The season is still young, but Gargantia on the Verdurous Planet (Suisei no Gargantia) has about as effective an opening episode as one could ask for. The spring series comes from Production I.G, with Kazuya Murata (Fullmetal Alchemist: The Sacred Star of Milos) directing, and hopefully the stage it so competently sets pays off with a solid series.
Ledo is one of many soldiers at war in space for the Galactic Alliance of Humankind. Gargantia opens as he calmly enters battle—a cold and calculating soldier that sees this as just another day of many—against a plant-like alien species known as the Hideauze. This, however, is but one more step toward a respite he doesn’t even seem particularly interested in. It’s all become robotic at this point, and Ledo takes on the Hideauze menace with special kind of skilled nonchalance.
The battle isn’t exactly a stunner, but it does manage to say a lot about Ledo’s world and the situation it’s in without bogging the pace down with exposition overkill. A lot of what’s being said and shown, from tactics to the combat itself, is completely foreign to the audience, and that’s fine. It all serves as a setup to what happens next, when Ledo finds himself separated from his squad and stranded in a strange place, coming to six months later surrounded by people who don’t seem to speak his language.
These “primitive” foreigners tap and tinker with Ledo’s Machine Caliber mech like they’re trying to crack open a coconut. No matter how hard they try, though, they can’t find a way in, and once they give up for the night, Ledo takes the opportunity to attempt an escape. What he discovers, however, is almost too much to process at once: He’s on a planet that can sustain life—Earth, the birthplace of humanity, to be precise—and it’s nothing like he’s ever seen before.
Of course, we expect this from the title and synopsis alone, but the reveal of him being on Earth is one of the really well done aspects of the episode. A few moments throughout, especially the opening space battle, are laced with some stiff CG, but overall Gargantia looks really good, too. The mechanical designs by Makoto Ishiwata—who also designed Psycho-Pass‘ Dominator and worked on Robotics;Notes and Valvrave the Liberator—are decent enough. This is just one of those tight openers we hope can sustain itself over its 12-episode run, and it certainly has the creative minds to pull it off.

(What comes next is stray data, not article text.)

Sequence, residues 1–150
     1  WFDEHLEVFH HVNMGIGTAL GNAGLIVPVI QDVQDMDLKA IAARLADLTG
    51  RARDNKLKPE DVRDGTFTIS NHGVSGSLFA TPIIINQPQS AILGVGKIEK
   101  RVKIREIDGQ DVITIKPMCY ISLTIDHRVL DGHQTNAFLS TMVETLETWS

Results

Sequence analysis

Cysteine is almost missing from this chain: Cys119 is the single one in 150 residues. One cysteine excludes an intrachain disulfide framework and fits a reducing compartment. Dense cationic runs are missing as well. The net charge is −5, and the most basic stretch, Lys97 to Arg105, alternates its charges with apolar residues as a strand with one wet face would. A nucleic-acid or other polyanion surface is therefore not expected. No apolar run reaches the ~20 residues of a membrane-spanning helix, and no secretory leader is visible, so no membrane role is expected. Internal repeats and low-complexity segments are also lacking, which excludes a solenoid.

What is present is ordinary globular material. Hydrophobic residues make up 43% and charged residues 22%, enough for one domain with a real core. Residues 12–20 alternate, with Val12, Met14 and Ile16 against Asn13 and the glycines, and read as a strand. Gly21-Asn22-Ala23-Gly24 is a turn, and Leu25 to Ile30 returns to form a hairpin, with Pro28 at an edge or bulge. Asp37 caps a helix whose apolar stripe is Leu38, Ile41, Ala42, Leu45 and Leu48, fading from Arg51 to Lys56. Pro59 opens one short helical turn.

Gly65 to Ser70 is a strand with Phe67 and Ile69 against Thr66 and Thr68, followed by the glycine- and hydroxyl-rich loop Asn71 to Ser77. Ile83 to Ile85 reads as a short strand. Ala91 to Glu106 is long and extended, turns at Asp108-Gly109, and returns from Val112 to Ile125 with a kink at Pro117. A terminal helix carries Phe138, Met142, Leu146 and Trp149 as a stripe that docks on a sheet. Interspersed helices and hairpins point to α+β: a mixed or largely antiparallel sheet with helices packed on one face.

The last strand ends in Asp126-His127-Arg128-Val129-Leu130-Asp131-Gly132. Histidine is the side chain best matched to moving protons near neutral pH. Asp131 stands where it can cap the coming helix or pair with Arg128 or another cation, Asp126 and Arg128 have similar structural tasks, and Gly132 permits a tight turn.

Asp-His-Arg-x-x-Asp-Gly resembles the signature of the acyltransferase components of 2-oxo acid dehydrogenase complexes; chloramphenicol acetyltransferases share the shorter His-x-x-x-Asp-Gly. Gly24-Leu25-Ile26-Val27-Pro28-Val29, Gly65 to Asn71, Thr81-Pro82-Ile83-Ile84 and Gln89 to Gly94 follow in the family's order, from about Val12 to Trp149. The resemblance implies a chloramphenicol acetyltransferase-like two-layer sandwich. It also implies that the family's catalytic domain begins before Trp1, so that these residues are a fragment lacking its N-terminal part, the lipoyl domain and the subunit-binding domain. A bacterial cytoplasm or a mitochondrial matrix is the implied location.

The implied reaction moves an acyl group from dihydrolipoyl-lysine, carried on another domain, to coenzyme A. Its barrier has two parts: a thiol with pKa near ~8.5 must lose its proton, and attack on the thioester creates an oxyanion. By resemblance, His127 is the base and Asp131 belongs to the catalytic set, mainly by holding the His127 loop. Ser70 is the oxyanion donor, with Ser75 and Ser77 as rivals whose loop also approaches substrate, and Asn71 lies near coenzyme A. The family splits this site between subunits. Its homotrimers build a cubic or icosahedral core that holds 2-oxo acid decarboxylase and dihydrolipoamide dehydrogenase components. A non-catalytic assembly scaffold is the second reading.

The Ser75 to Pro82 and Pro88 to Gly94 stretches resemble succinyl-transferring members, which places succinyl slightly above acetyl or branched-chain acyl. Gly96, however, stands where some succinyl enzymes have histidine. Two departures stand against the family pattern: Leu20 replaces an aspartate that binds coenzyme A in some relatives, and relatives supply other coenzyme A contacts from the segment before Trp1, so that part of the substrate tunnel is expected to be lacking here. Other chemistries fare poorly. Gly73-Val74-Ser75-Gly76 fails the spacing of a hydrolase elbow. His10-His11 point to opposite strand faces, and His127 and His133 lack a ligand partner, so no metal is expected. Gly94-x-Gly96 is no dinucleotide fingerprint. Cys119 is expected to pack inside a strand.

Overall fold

We’ve already mentioned director Murata, who keeps things lively and visually interesting here, but everyone naturally has their attention turned toward Gen Urobuchi’s involvement. With Urobuchi (Puella Magi Madoka Magica, Fate/zero) on series composition, many are likely waiting for the suffering to begin. They want to see “Urobutcher” in action. Let’s just let it play out and see what else Urobuchi has up his sleeve, though. I think it’s kind of strange when someone is known for being unforgiving to their characters or whatever people now think about Urobuchi. Maybe he’s just realistic. Maybe everyone’s reaction to his anime work thus far speaks louder about the rest of what’s out there than what he’s putting out specifically.
Either way, Gargantia is definitely one to watch. The real key will be whether or not these subsequent episodes produce some interesting characters. Ledo has potential, and we’ve just seen glimpses of the rest of the cast, but the hooks are sinking in.
Gargantia on the Verdurous Planet is currently streaming on Crunchyroll.